News from around the world in recent days has been dismal: a terror attack in the French city of Nice, a failed coup in Turkey, and shootings of cops in the United States.
Amid these worrying developments, is there room for optimism, Prime Minister Lee Hsien Loong was asked at a dialogue last night.
These are troubled times, he replied, citing Brexit, terrorism and tensions in the region.
"But at the same time, we should remember this is a time generally of peace and prosperity," he said.
Globalisation has brought considerable benefits to people in South Asia, China and all over the world, he noted. And the way forward is more globalisation, he added.
However, he stressed that there must be greater distribution of the benefits of globalisation "to those who have not enjoyed it or may be at risk of its side effects".
PM Lee was speaking to about 1,000 people at the South Asian Diaspora Convention's gala dinner. Moderator Shyam Saran, India's former foreign secretary, also asked him what message he wanted to convey on globalisation.
PM Lee pointed out that India's opening up to the world since the 1990s has seen it prosper, and its diaspora has provided a network and presence all over the world.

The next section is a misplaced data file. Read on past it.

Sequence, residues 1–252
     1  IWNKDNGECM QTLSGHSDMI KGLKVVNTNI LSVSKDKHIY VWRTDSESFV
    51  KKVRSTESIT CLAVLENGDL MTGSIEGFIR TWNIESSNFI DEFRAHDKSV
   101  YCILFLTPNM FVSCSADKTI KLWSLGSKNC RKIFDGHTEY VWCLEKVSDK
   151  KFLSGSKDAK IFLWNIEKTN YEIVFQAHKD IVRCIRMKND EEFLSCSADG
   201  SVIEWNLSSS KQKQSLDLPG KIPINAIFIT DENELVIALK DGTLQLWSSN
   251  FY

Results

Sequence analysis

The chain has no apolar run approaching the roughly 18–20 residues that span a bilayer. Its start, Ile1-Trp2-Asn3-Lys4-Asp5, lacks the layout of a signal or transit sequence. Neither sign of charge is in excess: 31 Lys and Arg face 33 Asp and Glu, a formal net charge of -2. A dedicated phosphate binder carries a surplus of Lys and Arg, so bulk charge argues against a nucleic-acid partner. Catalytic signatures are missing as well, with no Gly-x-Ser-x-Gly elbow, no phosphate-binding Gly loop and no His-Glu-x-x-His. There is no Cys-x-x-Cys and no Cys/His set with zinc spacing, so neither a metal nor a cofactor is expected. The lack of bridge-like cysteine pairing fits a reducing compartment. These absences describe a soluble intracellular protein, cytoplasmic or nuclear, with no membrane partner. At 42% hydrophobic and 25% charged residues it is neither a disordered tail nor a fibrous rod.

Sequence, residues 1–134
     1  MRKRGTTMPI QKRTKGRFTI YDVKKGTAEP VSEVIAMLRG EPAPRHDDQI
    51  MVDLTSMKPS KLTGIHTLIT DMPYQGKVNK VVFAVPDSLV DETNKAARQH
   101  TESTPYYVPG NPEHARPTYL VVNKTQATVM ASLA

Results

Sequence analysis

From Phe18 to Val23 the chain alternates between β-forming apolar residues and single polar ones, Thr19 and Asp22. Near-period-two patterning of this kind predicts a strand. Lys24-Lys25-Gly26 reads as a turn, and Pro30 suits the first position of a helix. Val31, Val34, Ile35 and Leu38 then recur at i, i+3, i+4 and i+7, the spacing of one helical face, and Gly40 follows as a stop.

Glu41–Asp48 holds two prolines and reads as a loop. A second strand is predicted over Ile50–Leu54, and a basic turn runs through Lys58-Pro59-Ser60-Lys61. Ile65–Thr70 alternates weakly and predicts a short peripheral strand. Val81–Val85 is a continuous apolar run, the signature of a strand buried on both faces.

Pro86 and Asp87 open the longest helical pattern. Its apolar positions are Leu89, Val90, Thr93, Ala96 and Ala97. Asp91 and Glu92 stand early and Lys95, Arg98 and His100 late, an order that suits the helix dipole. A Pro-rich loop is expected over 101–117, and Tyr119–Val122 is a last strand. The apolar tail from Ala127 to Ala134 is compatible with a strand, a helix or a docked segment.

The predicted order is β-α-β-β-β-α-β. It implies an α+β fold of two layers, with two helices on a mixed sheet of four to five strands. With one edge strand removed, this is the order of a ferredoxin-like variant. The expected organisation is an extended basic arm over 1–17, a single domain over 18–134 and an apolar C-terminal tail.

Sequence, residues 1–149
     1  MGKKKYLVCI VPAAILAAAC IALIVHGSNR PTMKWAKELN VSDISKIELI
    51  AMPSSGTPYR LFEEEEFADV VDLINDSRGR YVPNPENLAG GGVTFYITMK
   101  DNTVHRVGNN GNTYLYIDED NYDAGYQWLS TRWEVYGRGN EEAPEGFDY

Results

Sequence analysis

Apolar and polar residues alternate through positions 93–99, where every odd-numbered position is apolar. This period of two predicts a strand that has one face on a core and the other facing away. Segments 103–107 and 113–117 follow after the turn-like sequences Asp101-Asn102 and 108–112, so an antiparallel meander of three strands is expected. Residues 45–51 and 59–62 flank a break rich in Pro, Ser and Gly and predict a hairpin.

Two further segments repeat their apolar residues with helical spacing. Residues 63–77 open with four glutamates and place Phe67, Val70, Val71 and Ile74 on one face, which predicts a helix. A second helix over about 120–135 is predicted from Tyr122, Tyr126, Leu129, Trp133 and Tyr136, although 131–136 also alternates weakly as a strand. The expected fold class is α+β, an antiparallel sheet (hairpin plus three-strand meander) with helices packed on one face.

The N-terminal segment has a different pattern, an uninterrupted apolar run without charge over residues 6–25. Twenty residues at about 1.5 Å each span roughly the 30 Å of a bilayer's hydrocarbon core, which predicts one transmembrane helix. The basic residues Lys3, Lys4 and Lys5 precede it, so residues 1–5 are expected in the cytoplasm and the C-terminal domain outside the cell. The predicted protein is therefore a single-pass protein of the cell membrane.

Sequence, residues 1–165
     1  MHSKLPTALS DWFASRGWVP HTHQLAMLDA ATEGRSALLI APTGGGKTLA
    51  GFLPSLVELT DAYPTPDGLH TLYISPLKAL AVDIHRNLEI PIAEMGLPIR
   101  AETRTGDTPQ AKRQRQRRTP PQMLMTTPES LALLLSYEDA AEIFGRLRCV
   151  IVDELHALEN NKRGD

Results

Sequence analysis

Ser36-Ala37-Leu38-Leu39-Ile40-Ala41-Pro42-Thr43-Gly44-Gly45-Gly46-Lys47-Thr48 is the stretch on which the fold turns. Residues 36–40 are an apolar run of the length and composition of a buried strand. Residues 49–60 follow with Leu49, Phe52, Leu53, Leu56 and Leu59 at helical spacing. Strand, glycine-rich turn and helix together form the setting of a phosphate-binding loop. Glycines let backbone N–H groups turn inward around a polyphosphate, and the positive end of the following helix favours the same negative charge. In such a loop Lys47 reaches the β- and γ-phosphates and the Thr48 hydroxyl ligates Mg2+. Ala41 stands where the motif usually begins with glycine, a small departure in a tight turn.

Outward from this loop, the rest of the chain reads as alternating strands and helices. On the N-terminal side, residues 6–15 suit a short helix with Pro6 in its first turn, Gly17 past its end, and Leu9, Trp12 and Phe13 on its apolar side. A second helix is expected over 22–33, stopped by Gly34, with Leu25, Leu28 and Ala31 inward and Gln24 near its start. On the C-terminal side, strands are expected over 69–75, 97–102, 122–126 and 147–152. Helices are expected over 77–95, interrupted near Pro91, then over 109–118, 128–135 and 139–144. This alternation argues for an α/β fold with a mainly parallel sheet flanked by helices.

"Singapore, too, has sought benefits from our links with the subcontinent," he said, adding that India, too, has a role to play in this region.
PM Lee was also asked how he would respond to a world that was becoming more fragmented.
He acknowledged that people would like to think they were safer if they returned to the "good old days". But, he pointed out: "If you go back to a closed world, you're going to be a lot poorer. And you will not be able to operate the way you are doing."
"You may wish that your own market is more secure and those unfair competitors were not present," he said. "But if everybody has that attitude, then many of these companies will not exist. Certainly, they will not be able to operate the way they have done. That means we are all worse off."
The challenge, he said, was to make this basic reality clear to millions of people whose economic well-being depends on that.
"You need politicians who have courage, who are prepared to stand, face the crowd, and say, 'Well, you would like me to say something different but I have to tell you what my conscience and my reason say is true'," he added.
"It's not easy but if you want to make the system work, such leadership is necessary."
PM Lee was asked if peace in the region was at risk from developments such as China's angry reaction to an international tribunal's ruling on the South China Sea.
He said South-east Asia has prospered in the last 20 or more years because the region was peaceful.
"South China Sea has the potential of offsetting that. It may or may not," he added. The countries involved do not want to collide and are trying their best not to "but there are tensions at stake and it is not so easy to resolve".
South-east Asia has been in a similar situation before, he noted, pointing to how the region was on the front line during the Cold War.
"Fortunately, we passed that phase," he added. "But if dark clouds come, we will have to find a way to manage complexities."